Red Flags That Insurance Companies Don't Want You To Know About After an Accident

The basic business plan of any liability insurance company consists of four simple steps. First, it obtains and retains policyholders. Then, it deposits the policyholders' premium payments in a bank account. After that, they invest that money to make even more money. Then, if a claim arises, the insurer does whatever it can legally do to attempt to devalue or even deny the claim. It's the part about devaluing or denying the claim that maintains the insurance company's healthy bottom line and keeps investors happy. It's also the part that causes injured claimants considerable dismay. Here are some liability insurance company tactics that they don't want you to know about – and what you can do about them.

Gaining Control of Your Case Right Away

You might receive a phone call from the opposing insurance company's adjuster within days of the accident "just to see how you're doing now." That adjuster will sound friendly and concerned. He or she is trying to build a rapport with you. His or her job is to protect the insurance company's best interests, and not to serve yours. When that adjuster asks you how you're doing, respond that you're hurt. Get that person's name and phone number and tell the adjuster that you're not going to answer any other questions. You will give the appropriate contact information to your lawyer.

The Request for a Statement

If you do answer questions, then the adjuster is getting closer to taking control of your case. Then, you'll be asked to give a recorded statement "just for purposes of confirming what our insured person told us." Don't believe a word of that. The reason why the adjuster wants your statement is so it can be used against you sometime in the future. You'll be asked leading questions in several different forms. Without an experienced accident Attorneys present, you might fall for them. The questions are formatted to get you to contradict yourself. All of your inconsistent answers will then be used against you on the liability and damages aspects of your case. Your credibility will be called into question and attacked. When you give a statement, you relinquish considerable control of your case.

The Medical Authorization

You will also be asked to sign a medical authorization and return it to the opposing insurer so that it can get copies of your medical records in connection with your accident. The adjuster knows that your Attorneys will be forwarding copies of all relevant records, reports, and bills. The authorization is so broad in scope that the insurer can go back to your birth records if it so chooses. The adjuster is looking for a prior injury to the same part of your body. He or she will then blame your complaints of pain and discomfort from your recent accident on that prior accident, even if it happened 10 years ago.

Partial Fault

In many accidents, the claimant might be partially at fault, and the opposing insurance company will use that against him or her. That partial fault is called comparative negligence. It doesn't operate as a bar to recovery though. If you are determined to be partially at fault for an accident, the percentage of fault attributable to you is deducted from any gross award. For example, if the value of your case is $100,000, and you were determined to be 35% at fault, your net award would be $65,000. Don't believe an adjuster when you're told that you cannot recover damages because you shared some of the fault for an accident. That's not how the law works in Texas and most other states.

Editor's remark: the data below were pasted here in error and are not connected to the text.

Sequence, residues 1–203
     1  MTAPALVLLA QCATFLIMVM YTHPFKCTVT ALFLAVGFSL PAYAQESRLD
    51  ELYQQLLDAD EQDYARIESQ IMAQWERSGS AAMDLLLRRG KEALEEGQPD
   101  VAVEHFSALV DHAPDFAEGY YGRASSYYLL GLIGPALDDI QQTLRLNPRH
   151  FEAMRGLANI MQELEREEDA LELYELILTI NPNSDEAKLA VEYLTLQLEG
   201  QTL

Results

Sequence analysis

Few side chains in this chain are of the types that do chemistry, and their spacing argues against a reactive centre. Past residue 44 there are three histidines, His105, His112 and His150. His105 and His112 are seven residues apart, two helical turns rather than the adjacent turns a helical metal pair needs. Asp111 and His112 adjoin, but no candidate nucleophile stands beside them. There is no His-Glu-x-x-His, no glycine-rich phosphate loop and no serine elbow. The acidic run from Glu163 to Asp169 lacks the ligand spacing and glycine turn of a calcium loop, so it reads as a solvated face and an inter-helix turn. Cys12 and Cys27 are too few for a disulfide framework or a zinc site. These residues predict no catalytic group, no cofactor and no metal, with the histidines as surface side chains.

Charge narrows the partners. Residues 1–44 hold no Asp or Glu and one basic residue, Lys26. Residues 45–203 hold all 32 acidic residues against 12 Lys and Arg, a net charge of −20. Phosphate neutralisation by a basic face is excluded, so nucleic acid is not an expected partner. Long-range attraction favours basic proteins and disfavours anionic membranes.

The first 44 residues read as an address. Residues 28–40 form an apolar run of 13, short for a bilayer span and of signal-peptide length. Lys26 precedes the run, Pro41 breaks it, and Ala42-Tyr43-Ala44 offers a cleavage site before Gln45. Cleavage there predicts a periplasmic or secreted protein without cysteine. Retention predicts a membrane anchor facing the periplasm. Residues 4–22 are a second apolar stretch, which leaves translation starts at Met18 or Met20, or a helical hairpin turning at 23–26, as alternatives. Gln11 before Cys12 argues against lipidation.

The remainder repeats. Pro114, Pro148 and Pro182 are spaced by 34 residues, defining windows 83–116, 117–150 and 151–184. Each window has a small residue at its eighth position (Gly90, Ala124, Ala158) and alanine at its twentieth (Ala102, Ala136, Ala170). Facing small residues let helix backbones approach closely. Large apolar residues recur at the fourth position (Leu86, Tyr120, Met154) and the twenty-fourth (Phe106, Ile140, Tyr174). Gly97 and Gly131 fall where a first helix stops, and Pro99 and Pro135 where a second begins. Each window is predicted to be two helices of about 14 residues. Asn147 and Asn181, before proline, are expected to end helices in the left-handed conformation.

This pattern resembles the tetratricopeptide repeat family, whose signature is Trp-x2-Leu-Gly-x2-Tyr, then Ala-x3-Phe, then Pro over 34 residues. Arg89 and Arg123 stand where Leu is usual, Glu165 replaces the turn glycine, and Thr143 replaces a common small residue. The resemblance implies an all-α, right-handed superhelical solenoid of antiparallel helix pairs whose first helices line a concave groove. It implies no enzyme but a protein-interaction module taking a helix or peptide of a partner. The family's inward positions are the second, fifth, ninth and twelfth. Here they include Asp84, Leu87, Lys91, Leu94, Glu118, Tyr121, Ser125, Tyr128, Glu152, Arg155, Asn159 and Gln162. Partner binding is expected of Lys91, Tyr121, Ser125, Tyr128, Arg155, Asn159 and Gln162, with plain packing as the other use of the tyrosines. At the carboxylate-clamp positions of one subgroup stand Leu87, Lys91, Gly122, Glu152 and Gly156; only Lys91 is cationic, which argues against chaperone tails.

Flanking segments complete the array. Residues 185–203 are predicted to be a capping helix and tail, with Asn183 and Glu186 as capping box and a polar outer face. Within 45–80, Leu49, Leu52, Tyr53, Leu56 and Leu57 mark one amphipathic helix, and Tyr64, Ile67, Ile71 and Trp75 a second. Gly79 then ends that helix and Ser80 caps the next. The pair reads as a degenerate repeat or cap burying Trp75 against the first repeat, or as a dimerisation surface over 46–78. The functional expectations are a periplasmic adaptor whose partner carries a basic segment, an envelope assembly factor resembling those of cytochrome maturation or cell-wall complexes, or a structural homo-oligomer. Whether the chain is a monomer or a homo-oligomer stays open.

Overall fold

The Value of Your Case

It's unlikely that you'll know the value of any case that you have early on. Consider this example: You might have some abrasions and bruising, but your right arm and hand tingle. You're right-handed, too, but you settle anyway. All of your medical bills and lost time from work were paid, but a few months after you settle, that tingling can turn into pain and weakness, and you might not even be able to button your own shirt. Now, you want to reopen your case, but you signed a release. For an extra $1,500 in your pocket, you forfeited any rights that you had to additional compensation in the future. No reputable personal injury lawyer is going to allow you to settle early on without knowing the full nature and extent of your condition.

They Want You to Represent Yourself

Adjusters know that if they can drag a case out for a long time, you'll get worn down, and you'll eventually settle for less. If they're deliberately slow in returning phone calls, responding to emails or any other inquiries that you might make, you can tire and just want the whole situation to end. If the opposing insurer does eventually respond, don't be surprised if you're told that more documentation is needed, or that certain medical bills that you submitted as part of your damages are unreasonable and the treatment was unnecessary. You might even be told that your claim has been transferred to another adjuster, so you'll need to make more phone calls and send additional letters and emails in order to speak with that individual. The insurer is hoping that you'll just forfeit your rights. Claimants forfeit them every day.

As soon as you talk with the opposing insurer after an accident, you'll unknowingly start making mistakes that will ultimately detract from the value of your case. Rather than doing that, preserve your rights, and contact a quality personal injury law firm for help. All of the headaches mentioned above can be avoided, and you'll never need to try and deal with that adjuster again.

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